While the inheritance plot set-up owes a fair bit to Agatha Christie, the story is actually a close adaptation of the 1957 stage play A... come assassino by Ernesto Gastaldi. The film’s theatrical origins are very much obvious as the plot is talkative and heavily stage-bound, with the action practically never shifting away from the old castle. That’s not to say that the film is boring, however, as Gastaldi, who would go on to become one of the most influential and reliable giallo screenwriters, is a solid scribe who knows how to set up an intricate and compelling mystery full of surprising twists. A... come assassino is no exception but the problem is just that it meanders along rather sluggishly in its first act.

The set-up in itself is quite pleasing, and the sequence where the old Prescott’s audio recorded voice mocks and criticizes his greedy heirs one by one is an absolute delight. But after this the film slows down its pace and gets bogged down by a series of dialogue-heavy scenes as the various characters take turns being interrogated by a police inspector who is eager to figure out the identity of the killer. The most mind-boggling scene of all occurs at the 40 minute mark when one of the characters looses it and is tormented as he thinks back on what has happened – cue a long three minute flashback montage of the various scenes we’ve seen thus far! An absurd, incredible moment that is absolutely ridiculous. Surely one of the all-time most pathetic attempts to pad a film’s running time, yet at the same time almost impressive for its sheer audaciousness.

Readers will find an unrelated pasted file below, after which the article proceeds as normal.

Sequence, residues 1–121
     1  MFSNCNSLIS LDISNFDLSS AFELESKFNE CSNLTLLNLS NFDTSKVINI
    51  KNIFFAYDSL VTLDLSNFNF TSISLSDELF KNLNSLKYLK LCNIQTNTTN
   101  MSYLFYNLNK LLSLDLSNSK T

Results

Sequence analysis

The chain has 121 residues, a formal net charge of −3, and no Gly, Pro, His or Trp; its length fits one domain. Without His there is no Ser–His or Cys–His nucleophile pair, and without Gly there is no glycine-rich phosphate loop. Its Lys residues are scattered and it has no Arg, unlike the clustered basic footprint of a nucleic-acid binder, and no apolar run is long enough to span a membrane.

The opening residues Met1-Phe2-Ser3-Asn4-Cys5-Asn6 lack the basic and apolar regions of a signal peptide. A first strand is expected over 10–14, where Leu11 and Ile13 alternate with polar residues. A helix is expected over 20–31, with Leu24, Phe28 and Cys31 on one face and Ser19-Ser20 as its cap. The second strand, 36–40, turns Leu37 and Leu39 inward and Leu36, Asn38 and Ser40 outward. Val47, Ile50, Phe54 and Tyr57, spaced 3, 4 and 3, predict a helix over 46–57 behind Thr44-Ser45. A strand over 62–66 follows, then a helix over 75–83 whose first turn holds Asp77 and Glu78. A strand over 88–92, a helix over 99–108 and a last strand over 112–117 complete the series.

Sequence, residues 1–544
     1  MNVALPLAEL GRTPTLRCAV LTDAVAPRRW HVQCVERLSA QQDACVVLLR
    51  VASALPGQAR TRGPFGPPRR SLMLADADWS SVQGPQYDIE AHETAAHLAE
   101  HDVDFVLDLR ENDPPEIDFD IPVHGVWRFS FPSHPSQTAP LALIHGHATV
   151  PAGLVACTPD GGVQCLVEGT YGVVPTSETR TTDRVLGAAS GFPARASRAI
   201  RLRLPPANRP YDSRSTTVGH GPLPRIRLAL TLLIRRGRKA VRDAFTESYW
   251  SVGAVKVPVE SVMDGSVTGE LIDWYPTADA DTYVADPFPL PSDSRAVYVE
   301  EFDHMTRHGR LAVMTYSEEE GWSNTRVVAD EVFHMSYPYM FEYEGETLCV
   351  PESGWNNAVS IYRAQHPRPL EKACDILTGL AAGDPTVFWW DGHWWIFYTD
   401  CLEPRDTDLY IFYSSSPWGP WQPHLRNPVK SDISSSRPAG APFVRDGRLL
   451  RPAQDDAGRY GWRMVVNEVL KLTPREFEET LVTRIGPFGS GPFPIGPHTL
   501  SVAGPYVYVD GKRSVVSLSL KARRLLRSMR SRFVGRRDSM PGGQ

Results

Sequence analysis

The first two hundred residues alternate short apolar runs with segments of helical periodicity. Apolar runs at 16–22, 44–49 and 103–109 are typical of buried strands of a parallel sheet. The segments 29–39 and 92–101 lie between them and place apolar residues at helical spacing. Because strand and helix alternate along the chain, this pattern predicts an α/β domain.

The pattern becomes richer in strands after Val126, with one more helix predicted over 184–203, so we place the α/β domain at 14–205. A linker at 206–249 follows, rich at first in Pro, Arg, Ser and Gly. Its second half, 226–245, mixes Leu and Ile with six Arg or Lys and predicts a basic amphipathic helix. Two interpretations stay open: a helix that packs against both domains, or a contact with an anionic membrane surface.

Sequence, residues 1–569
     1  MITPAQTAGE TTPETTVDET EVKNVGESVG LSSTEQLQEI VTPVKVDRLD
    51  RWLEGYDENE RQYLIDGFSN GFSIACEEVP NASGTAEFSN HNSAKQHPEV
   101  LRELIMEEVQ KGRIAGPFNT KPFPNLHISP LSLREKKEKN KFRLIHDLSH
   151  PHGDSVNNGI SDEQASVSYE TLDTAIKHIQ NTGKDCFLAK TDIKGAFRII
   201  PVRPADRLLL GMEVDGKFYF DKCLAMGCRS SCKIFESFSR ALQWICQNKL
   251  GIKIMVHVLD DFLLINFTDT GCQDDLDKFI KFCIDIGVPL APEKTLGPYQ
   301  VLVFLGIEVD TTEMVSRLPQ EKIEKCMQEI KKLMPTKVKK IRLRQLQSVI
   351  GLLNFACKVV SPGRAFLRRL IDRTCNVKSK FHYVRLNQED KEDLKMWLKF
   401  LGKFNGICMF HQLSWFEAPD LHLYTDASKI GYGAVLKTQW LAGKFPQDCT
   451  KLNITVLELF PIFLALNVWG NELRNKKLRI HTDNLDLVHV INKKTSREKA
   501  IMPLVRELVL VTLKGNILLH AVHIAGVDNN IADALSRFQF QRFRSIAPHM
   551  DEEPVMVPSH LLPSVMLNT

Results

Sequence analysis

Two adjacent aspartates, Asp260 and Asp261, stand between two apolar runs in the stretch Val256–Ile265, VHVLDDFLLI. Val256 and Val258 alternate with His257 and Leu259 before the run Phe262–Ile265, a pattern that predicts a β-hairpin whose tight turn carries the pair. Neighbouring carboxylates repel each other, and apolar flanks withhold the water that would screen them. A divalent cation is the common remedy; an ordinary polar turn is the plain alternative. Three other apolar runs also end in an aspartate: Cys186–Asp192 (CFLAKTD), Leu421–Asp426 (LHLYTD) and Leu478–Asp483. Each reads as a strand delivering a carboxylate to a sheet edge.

The infamous flashback sequence

Fortunately, A... come assassino starts to pick up steam in its second half as the various characters’ diabolical plots against each other start to play out, and it is here that we really get to witness Gastaldi’s mastery in creating ingenious surprise twists. I’ll readily admit that it’s all rather complicated and that the credibility is weakened with each intricate twist of the plot but, truth be told, this is a hallmark of the giallo and an integral reason why so many of us love these films. It’s great to see that these characteristic elements are already in place in this early entry in the giallo canon. It should be noted, however, that the other integral giallo hallmark – flashy murder scenes – is not evident here, so don’t come in expecting an Argento-style bloodbath.

But while the twistful plot is fun, the best part of the film undeniably comes in the form of the cunning misdeeds of its sexy Machiavellian female lead Angela, played by American actress and model Mary Arden. Arden dabbled in various Italian films in the 1960s – including a key role in Mario Bava’s seminal giallo Blood and Black Lace (1964) – but A... come assassino was her only leading role and she’s an absolute delight to watch as she deviously plots, seduces and pits the various other characters against each other.